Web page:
JONATHAN HOLMES: On March 7, Mohamed ElBaradei, the Director-General of the International Atomic Energy Agency, reported quite definitively to the Security Council.
MOHAMED ELBARADEI, DIRECTOR-GENERAL, INTERNATIONAL ATOMIC ENERGY AGENCY: Extensive field investigation and document analysis have failed to uncover any evidence that Iraq intended to use these 81mm tubes for any project other than the reverse engineering of rockets.
JONATHAN HOLMES: The claim that Iraq had tried to buy uranium ore from the African country of Niger was groundless too, said ElBaradei in the same briefing - it had been based on forged documents.
MOHAMED ELBARADEI: Based on thorough analysis, the IAEA has concluded, with the concurrence of outside experts, that these documents, which form the basis for the report of recent uranium transaction between Iraq and Niger, are, in fact, not authentic. We have, therefore, concluded that these specific allegations are unfounded.
DAVID ALBRIGHT: I think the Bush Administration is not using even what we'd call standard practices to assess intelligence information. It's politicised the whole process, and it's seeking evidence that supports its claim, and dismissing evidence that contradicts their political goals and claims, and they're willing to punish people who dissent. So I think it's a... in my mind, it's scandalous.
JONATHAN HOLMES: By March 7, the world's media were obsessed with the last-minute manoeuvring over a Security Council resolution. The Atomic Energy Agency's conclusion that Iraq has no current nuclear weapons program got almost no publicity at all. But America is still trying to persuade the world that there are proven links between Saddam Hussein and al-Qaeda. It was a subject on which Colin Powell spent much time on February 5, and had new things to say. He showed slides of what he claimed was a "poison and explosives training camp" in the Kurdish-controlled area of north-east Iraq. It was part, he said, of a terrorist network run by al-Qaeda associate Abu Musab al-Zarqawi.
COLIN POWELL: Those helping to run this camp are Zarqawi lieutenants operating in northern Kurdish areas outside Saddam Hussein's controlled Iraq. But Baghdad has an agent in the most senior levels of the radical organisation Ansar al-Islam that controls this corner of Iraq. In 2000, this agent offered al-Qaeda safe haven in the region. After we swept al-Qaeda from Afghanistan, some of its members accepted this safe haven. They remain there today.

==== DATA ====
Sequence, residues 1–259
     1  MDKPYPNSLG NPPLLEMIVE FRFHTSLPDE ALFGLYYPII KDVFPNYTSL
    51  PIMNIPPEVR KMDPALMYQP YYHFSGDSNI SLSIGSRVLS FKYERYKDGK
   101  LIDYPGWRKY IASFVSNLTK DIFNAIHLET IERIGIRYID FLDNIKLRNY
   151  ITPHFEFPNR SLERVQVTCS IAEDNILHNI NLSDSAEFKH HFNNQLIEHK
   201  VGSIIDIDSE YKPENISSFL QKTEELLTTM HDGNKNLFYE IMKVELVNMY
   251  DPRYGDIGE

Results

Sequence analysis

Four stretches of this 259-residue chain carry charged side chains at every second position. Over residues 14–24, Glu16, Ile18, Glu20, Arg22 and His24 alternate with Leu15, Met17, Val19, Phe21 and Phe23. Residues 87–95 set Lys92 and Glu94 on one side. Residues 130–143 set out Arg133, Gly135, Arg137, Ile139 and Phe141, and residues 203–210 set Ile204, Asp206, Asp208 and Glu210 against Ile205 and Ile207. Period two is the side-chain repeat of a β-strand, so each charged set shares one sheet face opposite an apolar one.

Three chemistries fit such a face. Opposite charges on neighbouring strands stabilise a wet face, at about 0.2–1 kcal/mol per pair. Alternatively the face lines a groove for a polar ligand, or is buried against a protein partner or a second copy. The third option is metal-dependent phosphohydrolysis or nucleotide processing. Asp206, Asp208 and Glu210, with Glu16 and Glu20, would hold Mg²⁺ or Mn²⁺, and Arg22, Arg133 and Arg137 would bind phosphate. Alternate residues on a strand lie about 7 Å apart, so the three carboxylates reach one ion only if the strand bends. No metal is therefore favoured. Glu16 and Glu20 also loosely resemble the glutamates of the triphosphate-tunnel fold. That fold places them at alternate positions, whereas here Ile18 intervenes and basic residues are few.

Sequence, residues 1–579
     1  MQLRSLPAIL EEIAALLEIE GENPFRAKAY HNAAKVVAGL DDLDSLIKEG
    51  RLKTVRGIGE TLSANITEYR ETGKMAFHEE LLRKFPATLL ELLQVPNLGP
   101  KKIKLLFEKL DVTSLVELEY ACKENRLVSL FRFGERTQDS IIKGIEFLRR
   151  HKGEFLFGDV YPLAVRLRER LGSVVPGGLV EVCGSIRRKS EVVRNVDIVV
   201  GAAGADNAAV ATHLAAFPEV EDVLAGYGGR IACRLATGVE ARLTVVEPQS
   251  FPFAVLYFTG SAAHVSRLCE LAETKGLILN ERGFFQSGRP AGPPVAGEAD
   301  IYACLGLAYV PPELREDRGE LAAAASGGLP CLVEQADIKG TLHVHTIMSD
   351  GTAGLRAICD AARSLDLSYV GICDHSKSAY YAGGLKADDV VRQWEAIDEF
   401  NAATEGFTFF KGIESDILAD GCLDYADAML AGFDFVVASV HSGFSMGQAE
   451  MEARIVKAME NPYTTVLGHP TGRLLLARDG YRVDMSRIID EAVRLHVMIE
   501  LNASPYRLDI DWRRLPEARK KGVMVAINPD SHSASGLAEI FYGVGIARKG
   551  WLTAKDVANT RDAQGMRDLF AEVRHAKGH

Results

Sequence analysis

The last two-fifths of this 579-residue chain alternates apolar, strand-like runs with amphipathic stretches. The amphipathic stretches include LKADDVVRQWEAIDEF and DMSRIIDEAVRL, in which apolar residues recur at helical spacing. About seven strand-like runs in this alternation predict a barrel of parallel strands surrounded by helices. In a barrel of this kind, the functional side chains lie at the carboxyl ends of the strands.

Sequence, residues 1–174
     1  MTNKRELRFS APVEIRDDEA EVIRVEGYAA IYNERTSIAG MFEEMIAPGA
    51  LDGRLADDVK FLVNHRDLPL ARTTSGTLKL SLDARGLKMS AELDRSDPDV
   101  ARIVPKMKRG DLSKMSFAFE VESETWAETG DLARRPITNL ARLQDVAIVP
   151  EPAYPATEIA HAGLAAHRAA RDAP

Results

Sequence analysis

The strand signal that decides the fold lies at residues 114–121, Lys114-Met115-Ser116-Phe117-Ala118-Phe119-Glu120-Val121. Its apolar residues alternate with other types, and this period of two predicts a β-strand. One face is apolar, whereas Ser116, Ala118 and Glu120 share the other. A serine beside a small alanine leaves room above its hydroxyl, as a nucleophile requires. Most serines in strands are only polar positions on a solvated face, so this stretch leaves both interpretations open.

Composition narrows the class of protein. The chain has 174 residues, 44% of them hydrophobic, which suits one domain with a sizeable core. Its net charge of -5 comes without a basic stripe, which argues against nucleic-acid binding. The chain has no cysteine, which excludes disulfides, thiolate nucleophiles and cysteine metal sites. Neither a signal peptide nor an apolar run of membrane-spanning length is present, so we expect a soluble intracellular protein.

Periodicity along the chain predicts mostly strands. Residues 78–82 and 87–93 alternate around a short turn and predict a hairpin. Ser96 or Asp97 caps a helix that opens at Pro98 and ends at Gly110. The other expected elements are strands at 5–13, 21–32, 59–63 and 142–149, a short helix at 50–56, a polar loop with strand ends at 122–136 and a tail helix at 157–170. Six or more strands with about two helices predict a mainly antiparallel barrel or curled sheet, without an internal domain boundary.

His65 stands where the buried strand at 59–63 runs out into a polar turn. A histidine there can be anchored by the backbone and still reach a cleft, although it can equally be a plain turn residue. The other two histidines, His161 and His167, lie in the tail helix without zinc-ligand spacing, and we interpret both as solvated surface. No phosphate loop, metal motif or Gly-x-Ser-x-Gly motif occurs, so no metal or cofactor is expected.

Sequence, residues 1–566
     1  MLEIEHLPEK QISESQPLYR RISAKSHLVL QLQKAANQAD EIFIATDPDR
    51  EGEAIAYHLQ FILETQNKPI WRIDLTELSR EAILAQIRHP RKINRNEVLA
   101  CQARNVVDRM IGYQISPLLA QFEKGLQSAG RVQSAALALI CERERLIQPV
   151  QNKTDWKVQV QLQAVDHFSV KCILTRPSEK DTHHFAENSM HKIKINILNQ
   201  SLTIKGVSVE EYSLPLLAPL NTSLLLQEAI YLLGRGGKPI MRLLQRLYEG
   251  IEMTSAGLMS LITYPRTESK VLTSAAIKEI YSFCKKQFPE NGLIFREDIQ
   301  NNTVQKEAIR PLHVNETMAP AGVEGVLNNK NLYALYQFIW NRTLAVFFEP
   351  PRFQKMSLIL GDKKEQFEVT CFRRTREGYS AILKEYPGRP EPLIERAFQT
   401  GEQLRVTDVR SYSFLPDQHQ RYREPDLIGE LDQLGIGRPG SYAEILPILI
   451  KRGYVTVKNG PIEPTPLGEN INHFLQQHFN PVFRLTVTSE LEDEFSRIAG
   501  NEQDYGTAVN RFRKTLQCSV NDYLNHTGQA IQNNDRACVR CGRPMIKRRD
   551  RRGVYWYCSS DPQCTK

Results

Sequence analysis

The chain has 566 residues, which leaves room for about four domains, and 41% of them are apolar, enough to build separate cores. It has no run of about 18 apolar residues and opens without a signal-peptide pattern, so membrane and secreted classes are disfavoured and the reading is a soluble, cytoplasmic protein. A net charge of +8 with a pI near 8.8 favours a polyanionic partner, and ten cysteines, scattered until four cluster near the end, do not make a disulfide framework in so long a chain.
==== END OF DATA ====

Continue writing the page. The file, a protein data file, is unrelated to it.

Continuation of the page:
JONATHAN HOLMES: This part of Colin Powell's lecture infuriated an Australian intelligence analyst watching in Canberra. It was one of the major reasons that Lieutenant Colonel Andrew Wilkie resigned from the Office of National Assessments, and joined the peace protesters outside Parliament House.
ANDREW WILKIE, FORMER ANALYST, OFFICE OF NATIONAL ASSESSMENTS: I got quite angry, I recall, when I saw the telecast. It just didn't make sense to me that if there is this link, why is the poisons factory located in an area that is clearly outside of Saddam's control? I mean, it may as well not be in Iraq. So I don't know that this so-called agent that was referred to changes the bottom line here, and that is that there's no hard evidence of any active cooperation between Iraq and al-Qaeda. And I don't believe Colin Powell's presentation established any link. All it established is that in somewhere outside of Saddam's control, there is an al-Qaeda presence.
JONATHAN HOLMES: When British journalists visited the so-called "poison camp" just four days after Colin Powell's presentation, they found nothing but "a dilapidated collection of concrete outbuildings "at the foot of a grassy sloping hill." Tragically, Ansar al-Islam is now back in the news. On Friday night, local time, its base was attacked by American aircraft and cruise missiles and then overwhelmed by Kurdish militia. Next day, a suicide bomber killed ABC cameraman Paul Moran as he was filming outside the base.